The clever coders and designers, that have helped each social media giant rise to fame and cling to it, have adapted their platforms to their users by using social media analytics to track how their platforms are being used and then adapt them accordingly. Some platforms are even letting their code change organically with each end user. This means that we are quite literally evolving and transforming social media channels just by using them.
If humans are naturally social, and want social media that can give them the most rapid, easy access and logical way of communicating then the unfaltering end-point will be that separate social media accounts will be transformed by their very users who will need all the channels to be part of one global platform.
Welcome to my world
Social media works because it lets us connect to others better and helps us feel part of a network. The birth of social media is often attested to Facebook, but often the invention before the invention is the place you should be looking.
Myspace, in my opinion, was the grandfather of social media. It has all the hallmarks of all our slick 2017 social apps; you had your own personalised space, you could share your tastes, beliefs and most importantly connect and communicate with other personalised spaces. Myspace was infamously left out to dry because it wasn’t integrated enough, didn’t update fast enough for its users, and didn’t put ease of communication on the pedestal it should have been. In other words, it became a static space.
Then Facebook came along and truly started the concept of social media. It used the concept of myspace and elevated it to immediate communication and used our need for recognition and popularity within digital circles to set the web world on fire. It is not an exaggeration to say that Facebook changed the world, in the very least for the first Facebook generation.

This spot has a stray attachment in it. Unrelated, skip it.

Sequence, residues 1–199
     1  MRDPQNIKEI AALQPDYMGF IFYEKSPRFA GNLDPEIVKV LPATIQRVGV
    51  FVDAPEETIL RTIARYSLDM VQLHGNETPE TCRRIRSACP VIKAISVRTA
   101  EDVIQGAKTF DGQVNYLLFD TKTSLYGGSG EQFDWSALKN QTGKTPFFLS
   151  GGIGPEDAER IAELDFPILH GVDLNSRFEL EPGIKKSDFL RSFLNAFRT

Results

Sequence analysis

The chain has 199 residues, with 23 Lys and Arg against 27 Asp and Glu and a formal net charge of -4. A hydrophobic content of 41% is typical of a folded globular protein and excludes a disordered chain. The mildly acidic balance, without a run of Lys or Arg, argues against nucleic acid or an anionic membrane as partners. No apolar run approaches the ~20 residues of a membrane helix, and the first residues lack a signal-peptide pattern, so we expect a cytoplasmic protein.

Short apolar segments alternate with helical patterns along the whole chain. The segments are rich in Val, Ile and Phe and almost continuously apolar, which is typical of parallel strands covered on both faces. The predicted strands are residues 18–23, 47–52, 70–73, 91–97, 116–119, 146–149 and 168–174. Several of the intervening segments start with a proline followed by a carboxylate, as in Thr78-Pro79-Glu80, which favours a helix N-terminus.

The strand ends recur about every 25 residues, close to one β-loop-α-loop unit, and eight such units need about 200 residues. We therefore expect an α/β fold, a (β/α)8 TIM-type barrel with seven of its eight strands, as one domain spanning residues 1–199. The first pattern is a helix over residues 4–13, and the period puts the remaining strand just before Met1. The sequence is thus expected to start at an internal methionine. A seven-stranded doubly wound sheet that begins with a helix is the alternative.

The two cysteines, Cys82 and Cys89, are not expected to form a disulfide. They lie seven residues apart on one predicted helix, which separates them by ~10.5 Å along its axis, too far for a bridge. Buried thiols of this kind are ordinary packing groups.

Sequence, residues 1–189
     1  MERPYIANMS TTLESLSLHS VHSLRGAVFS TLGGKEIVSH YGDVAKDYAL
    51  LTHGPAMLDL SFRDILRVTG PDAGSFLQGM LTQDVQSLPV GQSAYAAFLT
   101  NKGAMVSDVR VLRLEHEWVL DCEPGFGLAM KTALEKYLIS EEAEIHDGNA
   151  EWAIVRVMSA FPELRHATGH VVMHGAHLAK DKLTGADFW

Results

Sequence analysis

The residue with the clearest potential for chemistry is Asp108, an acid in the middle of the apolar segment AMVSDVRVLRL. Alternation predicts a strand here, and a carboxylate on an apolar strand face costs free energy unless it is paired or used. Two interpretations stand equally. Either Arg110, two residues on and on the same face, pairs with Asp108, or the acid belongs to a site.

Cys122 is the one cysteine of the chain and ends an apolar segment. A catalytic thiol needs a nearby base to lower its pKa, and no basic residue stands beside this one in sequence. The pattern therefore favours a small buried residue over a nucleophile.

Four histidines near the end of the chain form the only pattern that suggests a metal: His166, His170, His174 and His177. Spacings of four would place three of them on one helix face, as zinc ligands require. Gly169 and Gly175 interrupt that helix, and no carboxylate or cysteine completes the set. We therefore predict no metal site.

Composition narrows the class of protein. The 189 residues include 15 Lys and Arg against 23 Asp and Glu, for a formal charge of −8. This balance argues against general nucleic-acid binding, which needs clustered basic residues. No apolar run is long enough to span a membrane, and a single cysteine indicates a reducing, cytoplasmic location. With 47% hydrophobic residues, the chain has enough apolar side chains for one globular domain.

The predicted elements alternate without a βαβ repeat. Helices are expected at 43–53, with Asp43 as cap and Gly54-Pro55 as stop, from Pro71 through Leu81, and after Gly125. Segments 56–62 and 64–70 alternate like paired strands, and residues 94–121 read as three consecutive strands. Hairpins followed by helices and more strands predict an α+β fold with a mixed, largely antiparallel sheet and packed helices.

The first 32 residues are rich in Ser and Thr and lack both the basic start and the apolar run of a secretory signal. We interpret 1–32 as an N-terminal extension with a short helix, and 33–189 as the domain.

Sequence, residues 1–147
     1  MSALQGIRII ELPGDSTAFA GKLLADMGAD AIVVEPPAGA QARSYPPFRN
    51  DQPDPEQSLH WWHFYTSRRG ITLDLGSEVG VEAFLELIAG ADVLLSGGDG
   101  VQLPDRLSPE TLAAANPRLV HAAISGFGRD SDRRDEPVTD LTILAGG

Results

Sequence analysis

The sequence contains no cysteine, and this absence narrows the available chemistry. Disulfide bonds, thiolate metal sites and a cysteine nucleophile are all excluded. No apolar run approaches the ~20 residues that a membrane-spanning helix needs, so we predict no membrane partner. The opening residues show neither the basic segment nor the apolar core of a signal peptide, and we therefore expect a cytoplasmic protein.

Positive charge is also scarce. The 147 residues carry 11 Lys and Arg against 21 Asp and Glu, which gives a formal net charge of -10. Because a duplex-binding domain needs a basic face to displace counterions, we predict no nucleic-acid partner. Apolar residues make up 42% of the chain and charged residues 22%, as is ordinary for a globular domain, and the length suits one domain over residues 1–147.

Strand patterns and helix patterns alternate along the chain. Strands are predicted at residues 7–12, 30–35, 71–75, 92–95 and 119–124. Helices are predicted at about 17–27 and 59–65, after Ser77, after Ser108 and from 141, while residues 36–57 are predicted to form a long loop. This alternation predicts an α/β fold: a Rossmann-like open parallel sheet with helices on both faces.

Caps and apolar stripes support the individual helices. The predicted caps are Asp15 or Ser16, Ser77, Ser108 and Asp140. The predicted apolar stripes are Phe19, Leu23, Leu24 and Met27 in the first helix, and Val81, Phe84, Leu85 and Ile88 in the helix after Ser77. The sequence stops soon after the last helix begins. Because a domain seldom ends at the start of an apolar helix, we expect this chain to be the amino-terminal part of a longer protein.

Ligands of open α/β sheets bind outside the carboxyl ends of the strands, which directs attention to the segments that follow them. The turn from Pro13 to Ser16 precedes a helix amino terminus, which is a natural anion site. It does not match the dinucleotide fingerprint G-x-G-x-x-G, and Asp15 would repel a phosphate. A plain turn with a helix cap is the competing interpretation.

Time for a change
What Facebook and all other major social platforms do well is that they understand that the world of social media is ‘adapt or die’. The user is fickle and will jump to another platform if it fits more with their lifestyle, viewpoint, and modern way of connecting. This has forced the social media channels to constantly react or face Myspace style extinction and so what we are seeing is a mass merge of unique social media features.
Like kids at the playground asked to share a bag of sweets and thinking that by taking half of another kid’s sweet they have more overall.
The list of examples is long but here are 5 that come to mind-
Instagram is becoming the place where you post your status via images (instead of content only on Facebook or even album sharing) You can also post on Instagram and instantly share on Facebook, twitter and Tumblr. Basically, making all three platforms one sharing space via Instagram.
Hashtags are no longer a Twittersphere phenomenon but can be used on any social media and searchable on google.
Instagram and recently Facebook now have ‘stories’ just like snapchat and even have Snapchat style video filters.
YouTube is testing community features to allow creators to share images and text (just like Facebook)
Facebook is trying to be the go to place for sharing stories, videos, and news articles (aka twitter and YouTube).
In their dogged quests to outdo each other, eat up the competition and remove the others individuality, they are inadvertently throttling towards one, open and integrated communication space. Soon all social media will have bitesize and immediately streamable/shareable video, image and content that you will be able to share over all social platforms at once to get the maximum impact.
This then brings about an unavoidable prediction – If all social media is reacting to the user and the user wants to be connected to all platforms at once then an elevated super social platform that transcends traditional social media channels is where we are heading.
And if that is hard to believe, think about if people in the 1960s would have believed how much journalism could change with the invention of an online social address book.
Sara is a freelance writer based in Manchester. She owns the commercial and creative content company Fraiche Ink, focusing on think pieces and marketing content.